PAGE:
4. Why did Spock need a gigantic ball of red matter when only an eyedropper was necessary to create a black hole and eat up a planet? How many black holes was he going to create? And it's a black hole, so telling me he needed enough to create a "bigger" black hole is idiotic and you know it. And why did it have to be injected into the center of the planet by the mining ship's gleaming love sword? Stability issues so it doesn't hop off and go somewhere else? You need a nice even eating from the center for aesthetics? It didn't consume Vulcan evenly if that was the intent. Consuming the atmosphere and everything around and working centerward isn't enough of a planet shattering event?
  5. Why do you need to dig a hole to the center of the planet when the center of a planet is just a big ocean of molten rock? WTF? Even if the intent isn't that it has to be injected at the core, but rather just below the mantle, we're back on #4.
  6. And why did Spock allow them to capture the red matter in the first place instead of just imploding his ship? I'm pretty sure they weren't sporting red matter trapping equipment on their mining ship, or they'd have had their own red matter in the first place and could have just stopped the super nova. And they didn't seem to be near a planet in the opening that would have been in danger of a big ball of red matter. And screw you if you think a logical Vulcan (the old Spock, not the kissy new one) wouldn't sacrifice a star ship to prevent a lunatic from getting his mitts on enough red matter to eat up a few thousand planets. The needs of the many outweigh the few, or the one - that was him, remember?
  7. Why did they drop Spock off close enough to Vulcan to watch it get sucked up (I'm sorry, that just didn't seem as villainous to me as I think it was supposed to)? And as he was on such a close moon/planet (Vulcan was huge in the sky, much larger than our own moon), why wasn't the planet he (and Kirk) were on affected by the total destruction of a nearby world. I don't believe that the shredding of a planet, despite its mass being subsumed by a black hole and theoretically still there, would fail to have an affect on another planet/moon close enough to watch the event.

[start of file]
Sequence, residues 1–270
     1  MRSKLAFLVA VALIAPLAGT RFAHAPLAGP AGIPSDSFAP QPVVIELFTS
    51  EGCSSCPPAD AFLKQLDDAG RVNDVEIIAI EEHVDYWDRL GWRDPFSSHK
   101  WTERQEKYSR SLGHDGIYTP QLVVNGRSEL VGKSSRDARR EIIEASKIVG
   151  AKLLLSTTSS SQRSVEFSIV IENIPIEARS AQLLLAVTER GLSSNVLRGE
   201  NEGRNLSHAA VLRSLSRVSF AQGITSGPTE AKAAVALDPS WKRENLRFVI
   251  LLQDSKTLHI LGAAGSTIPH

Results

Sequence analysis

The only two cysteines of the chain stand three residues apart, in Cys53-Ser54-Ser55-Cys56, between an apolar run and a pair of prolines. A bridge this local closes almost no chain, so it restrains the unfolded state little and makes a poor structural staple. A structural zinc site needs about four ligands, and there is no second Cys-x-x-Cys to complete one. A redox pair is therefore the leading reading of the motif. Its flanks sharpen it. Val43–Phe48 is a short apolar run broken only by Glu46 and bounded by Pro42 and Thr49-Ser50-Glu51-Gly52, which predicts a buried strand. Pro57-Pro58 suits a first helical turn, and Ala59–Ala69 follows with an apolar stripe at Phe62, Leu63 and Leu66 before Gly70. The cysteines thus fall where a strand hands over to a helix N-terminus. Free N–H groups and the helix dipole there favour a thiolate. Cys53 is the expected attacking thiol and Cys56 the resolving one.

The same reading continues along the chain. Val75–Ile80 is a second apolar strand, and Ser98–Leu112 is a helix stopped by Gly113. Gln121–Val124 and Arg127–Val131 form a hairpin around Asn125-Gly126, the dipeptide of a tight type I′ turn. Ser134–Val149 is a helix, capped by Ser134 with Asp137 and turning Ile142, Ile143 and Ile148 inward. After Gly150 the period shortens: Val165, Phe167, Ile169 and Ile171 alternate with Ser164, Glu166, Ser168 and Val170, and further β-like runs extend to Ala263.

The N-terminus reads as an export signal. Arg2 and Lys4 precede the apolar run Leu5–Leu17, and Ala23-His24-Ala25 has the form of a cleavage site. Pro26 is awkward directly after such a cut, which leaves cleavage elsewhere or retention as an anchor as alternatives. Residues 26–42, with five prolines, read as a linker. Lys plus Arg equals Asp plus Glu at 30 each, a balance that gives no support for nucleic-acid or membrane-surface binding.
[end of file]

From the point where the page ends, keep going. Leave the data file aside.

8. Back to the red matter. Spock was going to stop a supernova with it by introducing a singularlity. This I believed was possible. Until they decided to use the red matter to stop the wave front, not the actual star pre-supernova. No. You cannot throw a rock at Lake Superior and expect the waves to stop, or at a tidal wave and have it turn back. Doesn't work.
  9. Spock and Uhuru. What? Kirk's father's death had nothing to do with Spock or his timeline. Butterflies are limited to the world in which they reside, their wing fluttering does not carry over into other atmospheres. Kirk's father's death would not make Spock randier. I admit that the new Uhuru is hot and any humanity in Spock should respond, but presumably she's the same Uhuru as in the old Trek universe, so he should have been all over her in the old series. Maybe he was but they were concerned about the interracial issues?
  10. Kirk was in Iowa...I think there should have been a gay wedding. I joke. But I saw blatantly hetero characters throughout the movie. I'm sad that future Iowa/Federation doesn't include any blatantly homo characters. If you're going to mix it up, go for broke.
  11. Mean Mr. Mustard convinced me my issue with Kirk was off a little. I was bit disappointed that he (Kirk, not MMM) spent most of the movie getting choked, getting saved, or getting fortunate in some life-saving way. MMM noted that this is the "new" Kirk and he can have a different personality, and holding on by his fingertips is an integral part of that personality. Fair enough. I buy that. But luck is finite. And he seemed to have a lot of it, and that can only be interesting for so long if the character isn't actively resolving his/her own problems. So maybe there will be a change by the next movie. But if there's no growth there, I'll be disappointed. I think back to some of my favorite sci fi, and there are incredibly deep characters who do layer upon layer of planning, only to find out that fortune is a harsh mistress and with all those lasers and diseases and aliens and all that red matter sitting around, even having a full proof plan plus luck can't save you. If you've got luck and no plan/issue resolution skills, you're SOL.